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Founder at KinkBNB. Writer of fiction and nonfiction.

Chapter Nineteen

Emperor Norton’s First Proclamation in the Daily Evening Bulletin. Courtesy the San Francisco Public Library.

September 17th, 1859

Norton awoke this morning, feeling clear-headed for the first time in a very long time.

He went through his morning ablutions as he had for the previous ten years, but today there was a significance about the ritual he hadn’t expected. He looked at himself in the mirror, yet nothing seemed different. It was, however. His friend David Broderick was dead. The entire city was in mourning. The continental government had succeeded in tearing apart a nascent state with its politically poisonous ideas that some people could own other people. …

Chapter Eighteen

The site of the last duel in the United States, courtesy

November 20th, 1858

Norton held his anniversary dinner at Macao and Woosung again for the ninth anniversary of his arrival in San Francisco. He had gotten a temporary job as an agent for some goods that arrived in October and managed to sell them all, but his casual talk of monarchy turned his employer off and he did not get another chance at business with him. He had money to pay for dinner, but Eastland would not hear of it.

He had a motley crew of guests this year. Abe Warner showed up with a tiny squirrel monkey in his…

Chapter Seventeen

Monumental Fire Company #6, 1856 — Courtesy

November 21st, 1857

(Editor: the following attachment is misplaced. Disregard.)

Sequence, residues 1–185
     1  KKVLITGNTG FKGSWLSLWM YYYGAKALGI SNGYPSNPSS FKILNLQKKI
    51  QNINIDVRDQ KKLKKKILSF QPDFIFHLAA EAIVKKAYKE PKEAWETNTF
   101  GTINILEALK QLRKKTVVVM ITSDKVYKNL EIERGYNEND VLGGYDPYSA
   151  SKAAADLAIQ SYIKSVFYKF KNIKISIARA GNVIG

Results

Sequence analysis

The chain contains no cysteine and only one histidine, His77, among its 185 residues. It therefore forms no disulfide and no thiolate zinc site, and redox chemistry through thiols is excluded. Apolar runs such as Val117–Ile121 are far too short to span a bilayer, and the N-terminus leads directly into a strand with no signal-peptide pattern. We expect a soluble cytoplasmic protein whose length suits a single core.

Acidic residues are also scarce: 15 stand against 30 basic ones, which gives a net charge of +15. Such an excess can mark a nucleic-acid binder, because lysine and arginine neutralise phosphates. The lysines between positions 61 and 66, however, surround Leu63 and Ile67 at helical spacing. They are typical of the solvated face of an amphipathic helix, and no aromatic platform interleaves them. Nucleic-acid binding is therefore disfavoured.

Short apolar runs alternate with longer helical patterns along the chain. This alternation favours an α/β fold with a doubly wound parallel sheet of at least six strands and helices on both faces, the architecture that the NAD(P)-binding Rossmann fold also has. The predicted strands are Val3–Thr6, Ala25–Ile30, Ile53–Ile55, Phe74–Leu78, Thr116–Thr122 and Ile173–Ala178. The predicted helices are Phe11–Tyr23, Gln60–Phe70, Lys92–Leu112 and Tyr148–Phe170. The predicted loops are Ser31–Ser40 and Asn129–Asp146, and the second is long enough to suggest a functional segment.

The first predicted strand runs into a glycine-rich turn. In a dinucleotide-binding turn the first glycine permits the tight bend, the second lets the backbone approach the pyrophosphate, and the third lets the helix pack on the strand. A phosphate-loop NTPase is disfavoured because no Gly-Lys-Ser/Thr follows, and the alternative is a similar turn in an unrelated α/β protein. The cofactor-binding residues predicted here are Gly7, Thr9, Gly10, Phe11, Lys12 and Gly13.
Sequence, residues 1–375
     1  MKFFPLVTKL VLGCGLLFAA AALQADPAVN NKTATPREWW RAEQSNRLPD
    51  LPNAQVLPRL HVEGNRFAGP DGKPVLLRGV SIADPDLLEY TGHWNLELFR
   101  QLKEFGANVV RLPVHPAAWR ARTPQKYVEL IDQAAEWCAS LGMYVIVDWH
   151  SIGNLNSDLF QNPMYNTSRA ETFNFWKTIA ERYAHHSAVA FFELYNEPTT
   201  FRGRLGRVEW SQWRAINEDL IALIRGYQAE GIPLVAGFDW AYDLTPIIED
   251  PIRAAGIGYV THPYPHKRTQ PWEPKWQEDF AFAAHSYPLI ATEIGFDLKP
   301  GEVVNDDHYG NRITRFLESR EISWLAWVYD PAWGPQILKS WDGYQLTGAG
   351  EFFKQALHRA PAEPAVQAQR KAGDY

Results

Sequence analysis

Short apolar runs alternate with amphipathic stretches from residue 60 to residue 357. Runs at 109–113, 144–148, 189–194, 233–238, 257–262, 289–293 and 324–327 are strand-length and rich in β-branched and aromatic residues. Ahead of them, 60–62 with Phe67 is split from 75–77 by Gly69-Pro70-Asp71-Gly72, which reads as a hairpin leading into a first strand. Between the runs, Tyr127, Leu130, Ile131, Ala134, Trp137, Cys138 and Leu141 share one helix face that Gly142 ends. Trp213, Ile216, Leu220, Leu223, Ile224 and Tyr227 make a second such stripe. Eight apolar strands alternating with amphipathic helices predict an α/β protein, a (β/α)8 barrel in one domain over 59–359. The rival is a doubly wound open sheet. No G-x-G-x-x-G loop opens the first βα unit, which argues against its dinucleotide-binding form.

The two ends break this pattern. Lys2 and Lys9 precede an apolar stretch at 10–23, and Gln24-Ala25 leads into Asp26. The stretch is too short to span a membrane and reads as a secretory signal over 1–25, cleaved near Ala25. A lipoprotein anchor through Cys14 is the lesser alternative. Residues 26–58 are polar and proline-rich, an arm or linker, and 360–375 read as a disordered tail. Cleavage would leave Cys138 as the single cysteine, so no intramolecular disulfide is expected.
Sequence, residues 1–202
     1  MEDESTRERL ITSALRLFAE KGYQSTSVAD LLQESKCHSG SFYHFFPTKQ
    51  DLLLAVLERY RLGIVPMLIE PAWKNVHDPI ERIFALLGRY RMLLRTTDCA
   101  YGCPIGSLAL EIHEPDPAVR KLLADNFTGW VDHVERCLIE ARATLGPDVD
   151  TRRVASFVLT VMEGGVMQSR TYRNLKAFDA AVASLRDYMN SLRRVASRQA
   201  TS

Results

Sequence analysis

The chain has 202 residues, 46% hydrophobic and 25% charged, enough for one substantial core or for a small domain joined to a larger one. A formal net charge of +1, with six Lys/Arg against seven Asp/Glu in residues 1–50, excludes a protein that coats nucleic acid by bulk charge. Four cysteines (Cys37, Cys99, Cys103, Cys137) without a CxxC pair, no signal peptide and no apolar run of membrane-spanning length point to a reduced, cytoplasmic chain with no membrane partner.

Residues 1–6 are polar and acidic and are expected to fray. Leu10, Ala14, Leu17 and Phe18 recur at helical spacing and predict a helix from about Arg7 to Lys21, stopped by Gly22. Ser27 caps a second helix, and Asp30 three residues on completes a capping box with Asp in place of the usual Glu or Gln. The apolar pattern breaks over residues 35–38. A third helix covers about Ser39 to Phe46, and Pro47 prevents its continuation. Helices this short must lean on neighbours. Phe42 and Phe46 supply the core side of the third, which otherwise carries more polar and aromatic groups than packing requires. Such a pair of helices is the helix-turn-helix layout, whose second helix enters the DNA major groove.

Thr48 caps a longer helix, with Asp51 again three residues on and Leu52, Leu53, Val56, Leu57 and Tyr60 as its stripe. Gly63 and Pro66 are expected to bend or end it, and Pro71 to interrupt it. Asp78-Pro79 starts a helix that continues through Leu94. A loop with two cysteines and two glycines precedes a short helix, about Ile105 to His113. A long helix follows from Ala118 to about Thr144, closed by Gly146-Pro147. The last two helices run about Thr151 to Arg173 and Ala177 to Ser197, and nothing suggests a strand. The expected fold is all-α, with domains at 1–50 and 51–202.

Eastland talked Norton into reviving his anniversary dinner by offering to pay for it at Macao and Woosung. It was 8 years since Norton stepped off the boat in San Francisco, and the ship that he’d arrived on now lay broken up and scattered underneath the foundations of Eastland’s new Gas Works. Besides, being the head of the gas company gave him unexpected pull with Norman Asing. Norman recalled with glee the week that Eastland had shut the gas off for nonpayment to the City Hall last January. Norman disliked the city government because he believed they…

Chapter Sixteen

Washerwoman’s Lagoon, courtesy

July 6th, 1856

The days that followed the hangings of Casey and Cora were among the strangest that Norton had seen so far. The events would normally be alarming to him, as the rights of ordinary citizens were trod upon hourly by the vigilantes in their attempts to clean up the town. The people they targeted were mostly politicians this time, which made it doubly consterning to Norton. He felt as if he dodged a bullet when Broderick declined to employ him now. So far his old friend Broderick was untouchable, but a scandal developed when it was discovered that…

Chapter Fifteen

Fort Gunnybags, courtesy of OpenSFHistory

May 14th, 1856

Norton found his life without an office to go to rather unfocused. He continued his twice daily constitutionals but now paid no attention to the time it took him to make his rounds. He had no set path, but made his way from Meigg’s Wharf to the site of his Genesee Warehouse much in the same way he did when he owned the warehouse.

His friend Eastland bought the Genesee Warehouse so that Sherman’s Bank would not have to carry the debt. Norton watched earlier that spring as they’d razed the ship and erased the bay around…